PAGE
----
Jonathan Biss

Jonathan Biss
Kansas City Star

Pianist Jonathan Biss has been performing a series of concerts called “Schumann Under the Influence” in some of the world’s great music capitals, places like San Francisco, London, Hamburg, Amsterdam and, thanks to Cynthia Siebert and the Friends of Chamber Music, Kansas City.

He performed the first recital of the series in November, and March 8 he’ll return to the Folly Theater to play the second. He has programmed not only the music of Robert Schumann, but also works by Leoš Janáèek and Wolfgang Amadeus Mozart that Biss thinks shed light on the music of Schumann.

Biss will open his recital with the “Fantasiestücke” Op. 12 by Schumann.

“It simply means fantasy pieces,” Biss said. “So much of Schumann’s piano music uses the word fantasy in one way or another. Kreisleriana is subtitled ‘Fantasy for piano,’ and there’s his Fantasy in C, one of his great piano works.

“The idea of fantasy was very important to Schumann in general. I think he was not at his most comfortable in the traditional forms, like the sonata or symphony.

“He felt that freedom was the most important prerequisite for writing great music. So that’s the significance of the title. They are snapshots, eight character pieces which present an image or idea and are over almost as quickly as they begin.”

Biss will then play a fantastical work by the 20th century Czech composer Janáèek, in which Biss hears many echoes of Schumann.

“I remember distinctly the first time I heard ‘On an Overgrown Path,’ ” he said. “I was listening in a concert hall, and I didn’t have a program, and I remember thinking that the first two movements reminded me of the first two movements of the ‘Fantasiestücke.’

“I was shocked when I picked up the program to find the first movement was called ‘Our Evenings.’ The first movement of the Schumann is called ‘In the Evening.’ From that moment, I remember feeling absolutely convinced that there had to be some kind of correlation, and I decided that this is a connection worth investigating.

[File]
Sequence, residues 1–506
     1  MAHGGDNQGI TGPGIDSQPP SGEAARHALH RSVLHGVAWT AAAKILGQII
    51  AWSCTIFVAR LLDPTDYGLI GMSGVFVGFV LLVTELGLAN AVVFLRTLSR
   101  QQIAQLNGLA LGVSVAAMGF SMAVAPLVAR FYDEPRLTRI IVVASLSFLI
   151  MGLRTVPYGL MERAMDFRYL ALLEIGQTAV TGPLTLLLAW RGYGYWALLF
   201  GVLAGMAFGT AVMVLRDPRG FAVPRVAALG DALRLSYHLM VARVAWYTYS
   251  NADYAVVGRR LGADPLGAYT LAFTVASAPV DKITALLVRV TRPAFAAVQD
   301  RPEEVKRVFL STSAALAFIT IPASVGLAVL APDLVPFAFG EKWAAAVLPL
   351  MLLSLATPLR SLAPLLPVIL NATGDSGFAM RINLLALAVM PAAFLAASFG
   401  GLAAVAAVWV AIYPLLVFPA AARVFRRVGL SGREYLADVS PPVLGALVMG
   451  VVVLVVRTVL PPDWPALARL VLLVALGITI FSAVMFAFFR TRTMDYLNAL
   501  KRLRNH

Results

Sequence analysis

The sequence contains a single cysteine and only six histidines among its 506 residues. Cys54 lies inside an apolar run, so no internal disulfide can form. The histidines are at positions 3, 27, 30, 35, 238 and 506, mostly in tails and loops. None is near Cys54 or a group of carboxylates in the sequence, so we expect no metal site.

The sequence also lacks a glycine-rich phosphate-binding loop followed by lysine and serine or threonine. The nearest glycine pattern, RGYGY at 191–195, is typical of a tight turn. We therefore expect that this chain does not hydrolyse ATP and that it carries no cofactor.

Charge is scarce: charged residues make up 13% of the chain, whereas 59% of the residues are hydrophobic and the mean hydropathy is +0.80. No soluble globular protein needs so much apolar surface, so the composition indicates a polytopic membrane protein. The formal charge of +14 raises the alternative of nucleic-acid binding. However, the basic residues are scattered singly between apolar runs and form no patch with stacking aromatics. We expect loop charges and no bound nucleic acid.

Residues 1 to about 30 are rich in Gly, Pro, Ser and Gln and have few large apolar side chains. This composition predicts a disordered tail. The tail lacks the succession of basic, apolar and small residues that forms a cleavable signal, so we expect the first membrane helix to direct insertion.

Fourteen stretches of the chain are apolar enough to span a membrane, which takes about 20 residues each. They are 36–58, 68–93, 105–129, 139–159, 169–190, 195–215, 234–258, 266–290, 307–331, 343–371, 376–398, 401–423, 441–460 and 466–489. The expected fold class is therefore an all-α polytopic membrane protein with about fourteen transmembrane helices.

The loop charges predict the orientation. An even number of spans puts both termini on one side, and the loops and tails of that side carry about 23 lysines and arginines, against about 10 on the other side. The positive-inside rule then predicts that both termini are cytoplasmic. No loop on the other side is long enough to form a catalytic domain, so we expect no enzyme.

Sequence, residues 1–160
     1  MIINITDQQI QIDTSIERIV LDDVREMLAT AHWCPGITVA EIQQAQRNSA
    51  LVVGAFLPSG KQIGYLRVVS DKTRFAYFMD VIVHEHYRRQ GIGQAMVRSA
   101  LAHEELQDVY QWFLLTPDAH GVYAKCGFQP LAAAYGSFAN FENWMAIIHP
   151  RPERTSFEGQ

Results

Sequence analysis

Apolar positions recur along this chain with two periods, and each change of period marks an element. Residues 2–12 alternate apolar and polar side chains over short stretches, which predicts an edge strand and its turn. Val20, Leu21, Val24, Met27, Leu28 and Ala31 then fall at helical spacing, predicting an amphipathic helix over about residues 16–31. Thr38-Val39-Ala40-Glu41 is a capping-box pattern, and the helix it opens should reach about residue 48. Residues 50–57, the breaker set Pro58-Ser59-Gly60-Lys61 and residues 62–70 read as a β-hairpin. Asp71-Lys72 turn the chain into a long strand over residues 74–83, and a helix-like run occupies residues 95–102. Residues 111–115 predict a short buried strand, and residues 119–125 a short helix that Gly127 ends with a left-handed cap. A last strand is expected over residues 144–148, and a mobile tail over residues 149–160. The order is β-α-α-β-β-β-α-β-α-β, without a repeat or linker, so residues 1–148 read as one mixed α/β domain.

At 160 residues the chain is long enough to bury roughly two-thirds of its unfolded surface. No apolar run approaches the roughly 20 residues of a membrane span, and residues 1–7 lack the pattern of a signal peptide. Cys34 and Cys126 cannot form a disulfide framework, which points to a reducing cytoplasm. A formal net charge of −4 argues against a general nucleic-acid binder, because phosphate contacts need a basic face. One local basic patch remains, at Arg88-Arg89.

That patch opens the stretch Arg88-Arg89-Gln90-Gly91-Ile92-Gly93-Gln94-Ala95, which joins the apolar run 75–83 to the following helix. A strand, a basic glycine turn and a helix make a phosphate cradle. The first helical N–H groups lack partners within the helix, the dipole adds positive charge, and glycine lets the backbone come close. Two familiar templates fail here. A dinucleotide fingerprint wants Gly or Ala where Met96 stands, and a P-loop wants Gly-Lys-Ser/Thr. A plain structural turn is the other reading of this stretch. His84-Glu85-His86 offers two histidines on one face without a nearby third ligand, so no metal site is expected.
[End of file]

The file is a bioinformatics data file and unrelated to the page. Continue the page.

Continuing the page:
“I find that when you put the Schumann and the Janáèek back-to-back, there’s some sort of strange, spiritual, cross-century connection between the two.”

After opening the second half of the concert with two pieces by Mozart, which, according to Biss, have a dramatic quality similar to Schumann’s music, he’ll conclude with one of Schumann’s greatest piano masterpieces, “Davidsbündlertänze.”

“It means the dances of the League of David. The league was an imaginary group Schumann created, although it included many real people.

“It was a mix of alter egos like Florestan and Eusebius and the very real composers of his time whom he admired. The League of David was like a group of knights in Schumann’s mind. They were supposed to be the defenders of music, the great creators, the innovators who would move the art form forward into the future. I think it’s not a coincidence that this is perhaps his most daring work.”

Biss acknowledges that audiences are sometimes perplexed by Schumann’s music. He thinks the burden to communicate Schumann’s greatness rests completely with the performer.

“I think very often with Schumann, his pieces live or die based on the level of commitment and the love of the person playing them. But if you play his music with love and devotion and a spirit of generosity, then I find that audiences are very moved by it.”

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